The subcritical CCS-SG is sized for about 350 MWe and operates from 2,400 psig to 2,520 psig, or as close to these pressures as can be done safely. The CCS-SG includes one or two reheat steam cycles to the turbine and an efficient feedwater heater system, for example, a total of eight feedwater heaters, one being the deaerator. Natural gas, supplemented with coal co-firing, is used for startup and warmup duty in about five hours.
The CCS-SG is a compact heat-recovery furnace/steam generation section that includes multiple stages of OFA. There are six 50 ton/hr coal pulverizers and coal-drying systems—one for each GC and its CCS burners. Near the furnace bottom are six CCS GCs (three located on each side of the furnace), each GC directs its hot gases into the furnace section and each has four down-fired, entrained-flow, CCS burners, for a total of 24 CCS burners. Each CCS burner is sized for about 150 MMBtu/hr.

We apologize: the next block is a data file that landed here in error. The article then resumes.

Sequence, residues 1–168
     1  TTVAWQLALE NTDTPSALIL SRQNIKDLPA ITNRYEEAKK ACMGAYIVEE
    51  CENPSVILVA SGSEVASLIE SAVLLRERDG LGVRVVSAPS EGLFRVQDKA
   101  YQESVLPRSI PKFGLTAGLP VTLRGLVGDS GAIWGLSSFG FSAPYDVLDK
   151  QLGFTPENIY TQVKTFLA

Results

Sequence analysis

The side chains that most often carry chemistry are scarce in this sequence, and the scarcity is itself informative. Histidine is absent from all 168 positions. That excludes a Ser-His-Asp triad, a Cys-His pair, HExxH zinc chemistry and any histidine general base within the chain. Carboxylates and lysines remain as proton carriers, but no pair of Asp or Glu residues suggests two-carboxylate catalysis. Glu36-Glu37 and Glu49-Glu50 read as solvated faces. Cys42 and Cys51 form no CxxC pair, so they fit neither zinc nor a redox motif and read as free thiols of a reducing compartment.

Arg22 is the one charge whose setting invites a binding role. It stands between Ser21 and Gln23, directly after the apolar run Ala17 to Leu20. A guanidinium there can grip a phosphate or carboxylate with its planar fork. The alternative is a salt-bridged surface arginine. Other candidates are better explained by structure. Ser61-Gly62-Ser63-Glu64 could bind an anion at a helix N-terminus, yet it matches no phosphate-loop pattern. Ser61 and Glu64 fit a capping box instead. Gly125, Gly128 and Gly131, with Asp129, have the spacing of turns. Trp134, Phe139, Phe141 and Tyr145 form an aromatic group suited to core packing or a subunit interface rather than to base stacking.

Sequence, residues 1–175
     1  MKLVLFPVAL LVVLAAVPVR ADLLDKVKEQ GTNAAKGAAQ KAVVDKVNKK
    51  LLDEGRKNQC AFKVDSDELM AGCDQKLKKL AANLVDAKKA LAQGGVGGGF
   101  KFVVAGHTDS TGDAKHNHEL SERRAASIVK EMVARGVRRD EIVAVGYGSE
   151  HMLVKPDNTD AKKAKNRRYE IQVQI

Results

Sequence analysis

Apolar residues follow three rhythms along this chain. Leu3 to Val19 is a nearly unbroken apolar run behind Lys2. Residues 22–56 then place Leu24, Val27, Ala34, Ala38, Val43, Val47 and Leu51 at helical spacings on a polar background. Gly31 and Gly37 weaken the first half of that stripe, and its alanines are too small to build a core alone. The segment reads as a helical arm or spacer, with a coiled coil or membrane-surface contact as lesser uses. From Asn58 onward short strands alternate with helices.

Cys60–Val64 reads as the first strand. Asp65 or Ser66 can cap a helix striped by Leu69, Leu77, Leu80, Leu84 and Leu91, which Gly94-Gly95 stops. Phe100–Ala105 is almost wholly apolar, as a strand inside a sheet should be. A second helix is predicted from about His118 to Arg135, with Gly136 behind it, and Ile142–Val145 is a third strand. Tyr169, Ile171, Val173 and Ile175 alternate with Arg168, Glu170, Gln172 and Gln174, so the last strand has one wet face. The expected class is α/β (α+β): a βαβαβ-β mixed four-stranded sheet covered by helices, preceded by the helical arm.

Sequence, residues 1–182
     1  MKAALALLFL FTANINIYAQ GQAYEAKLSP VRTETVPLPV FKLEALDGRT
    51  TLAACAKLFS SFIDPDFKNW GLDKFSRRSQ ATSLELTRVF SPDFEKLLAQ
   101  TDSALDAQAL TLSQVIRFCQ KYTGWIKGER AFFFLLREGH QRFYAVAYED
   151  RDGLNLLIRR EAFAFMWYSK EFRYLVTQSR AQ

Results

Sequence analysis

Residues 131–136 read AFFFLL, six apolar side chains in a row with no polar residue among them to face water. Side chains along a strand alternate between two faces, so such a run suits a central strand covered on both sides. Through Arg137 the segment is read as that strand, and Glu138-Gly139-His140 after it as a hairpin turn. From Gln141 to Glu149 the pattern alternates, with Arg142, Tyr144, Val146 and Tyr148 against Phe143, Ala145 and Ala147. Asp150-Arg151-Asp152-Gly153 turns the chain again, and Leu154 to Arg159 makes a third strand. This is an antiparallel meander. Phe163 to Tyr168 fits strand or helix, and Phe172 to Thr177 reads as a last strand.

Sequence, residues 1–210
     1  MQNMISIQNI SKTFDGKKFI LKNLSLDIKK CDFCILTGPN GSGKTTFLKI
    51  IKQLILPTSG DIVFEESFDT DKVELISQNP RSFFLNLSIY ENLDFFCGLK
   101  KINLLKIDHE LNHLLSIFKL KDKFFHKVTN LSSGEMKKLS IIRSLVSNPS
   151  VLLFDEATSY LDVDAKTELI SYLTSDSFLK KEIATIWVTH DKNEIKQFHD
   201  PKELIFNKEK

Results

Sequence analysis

The hot gases from the GC must make a 180-degree turn to enter the furnace. Each GC includes water-cooled slag screens that remove half of the liquid ash, which then drains into a water-quench tank under the GC. A wet-drag-link system conveys the ash/slag into a dumpster for disposal. This slag product has commercial value of about $3/ton for roof grit, and it is suitable for grit-blasting metal, as it doesn’t cause silicosis.
The CCS-SG can fire PRB subbituminous and lignite—low-sodium coals—to meet the strict EPA air quality regulations for a new coal-fired EGU, that is, SO2 emissions of less than 0.13 lb/MMBtu or about 66 ppm and NOx emissions of less than 0.07 lb/MMBtu or about 50 ppm. A baghouse is required for fly ash particulate control (less than 0.13 lb/MMBtu).